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I think saying that people are generally forced to use lossy tracks is quite a stretch.
A lossless track is much bigger, less compatible and people are often unable to distinguish between that and a high bitrate encode (e.g. AC3 640 kbps).
I have a WD TV and while it would be nice if it supported more formats like DTS-HD I'd never use that functionality.
See, what use a format that cannot be used in practice

The lossless HD audio both on mediaplayers and PC is extremely cumbersome, even if converted into FLAC. The only feasable way of using lossless HD audio is to burn it on a BD video (along with the video track to whom it belongs) and play it on standalones (hopefully not "cinavied").

So, people are forced to use 5.1 lossy because of:
1. the available space
2. multiple issues with HD lossless on PC
3. unsupported format on most mediaplayers

Both this post and the other one should be understood as "no, people do not reencode to lossy", but as "people keep the lossy", not only because the access to 6 true channels is beyond the monetary reach of a consumer, but also because 6 chn. encoding software play in the same league.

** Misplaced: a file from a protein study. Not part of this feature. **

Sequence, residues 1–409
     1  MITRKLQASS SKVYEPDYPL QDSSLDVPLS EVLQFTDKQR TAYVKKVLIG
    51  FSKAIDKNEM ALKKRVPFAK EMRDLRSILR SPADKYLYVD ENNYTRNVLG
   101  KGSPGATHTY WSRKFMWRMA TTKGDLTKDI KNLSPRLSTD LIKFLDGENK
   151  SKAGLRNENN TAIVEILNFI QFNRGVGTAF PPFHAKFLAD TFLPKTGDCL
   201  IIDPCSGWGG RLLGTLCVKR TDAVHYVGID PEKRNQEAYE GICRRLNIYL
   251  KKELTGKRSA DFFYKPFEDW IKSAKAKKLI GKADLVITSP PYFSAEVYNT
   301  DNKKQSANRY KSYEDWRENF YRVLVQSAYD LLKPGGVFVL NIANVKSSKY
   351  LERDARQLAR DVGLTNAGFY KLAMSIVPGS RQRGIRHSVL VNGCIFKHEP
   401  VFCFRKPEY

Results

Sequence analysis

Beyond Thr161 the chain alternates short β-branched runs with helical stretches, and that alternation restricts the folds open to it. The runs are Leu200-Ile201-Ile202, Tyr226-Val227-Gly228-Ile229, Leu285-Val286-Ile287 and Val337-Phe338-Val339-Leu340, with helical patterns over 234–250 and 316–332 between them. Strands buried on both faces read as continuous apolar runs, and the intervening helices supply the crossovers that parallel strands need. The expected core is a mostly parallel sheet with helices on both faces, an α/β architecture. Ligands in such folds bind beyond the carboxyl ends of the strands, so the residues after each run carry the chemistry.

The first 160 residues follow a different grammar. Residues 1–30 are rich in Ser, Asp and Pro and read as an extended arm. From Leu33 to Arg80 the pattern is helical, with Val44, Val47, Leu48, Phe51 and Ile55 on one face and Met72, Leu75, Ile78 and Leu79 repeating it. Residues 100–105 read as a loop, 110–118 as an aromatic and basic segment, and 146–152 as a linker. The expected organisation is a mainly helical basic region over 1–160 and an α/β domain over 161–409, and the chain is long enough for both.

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Old 8th January 2011, 19:04   #10  |  Link
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Originally Posted by rik1138 View Post
For AC3, I don't think I've ever seen a Blu-ray disc with less than a 640k legacy stream (not that I've looked in detail)... That would be very lame. Possible, yes, but I believe very rare...
There are more of them than you know. The two worst studio offenders are Sony (Casino Royale [all versions] is one example) and Warner (most of the Kubrick collection and many others).
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Old 9th January 2011, 13:26   #11  |  Link
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Not sure if you have stumbled across this link or not, but it's an interesting study done by European broadcasters (the pretty graphs start on page 21!):
http://tech.ebu.ch/webdav/site/tech/...h/tech3324.pdf

For those too lazy to click the link, basically the "Original ANC", "DTS 1500" and "DD+ 448" (AC3 640kbps) tracks all score 92-95% on the perceived quality score (so the lossless formats should score the same as "ANC_Original"!) ...

7ek
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Old 10th January 2011, 21:58   #12  |  Link
rik1138
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There are more of them than you know. The two worst studio offenders are Sony (Casino Royale [all versions] is one example) and Warner (most of the Kubrick collection and many others).
I can also imagine some studios might try to use the already-created AC3 for DVD as the legacy stream just to save the minutes of time required to re-encode it... Even though the Dolby encoder will do both THD and the legacy at the same time (or at least in the same queue).

They wouldn't go above 448 for DVD, so I guess that can be a problem with older titles. Hopefully even that practice (if it existed) is being phased out...
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Old 10th January 2011, 22:53   #13  |  Link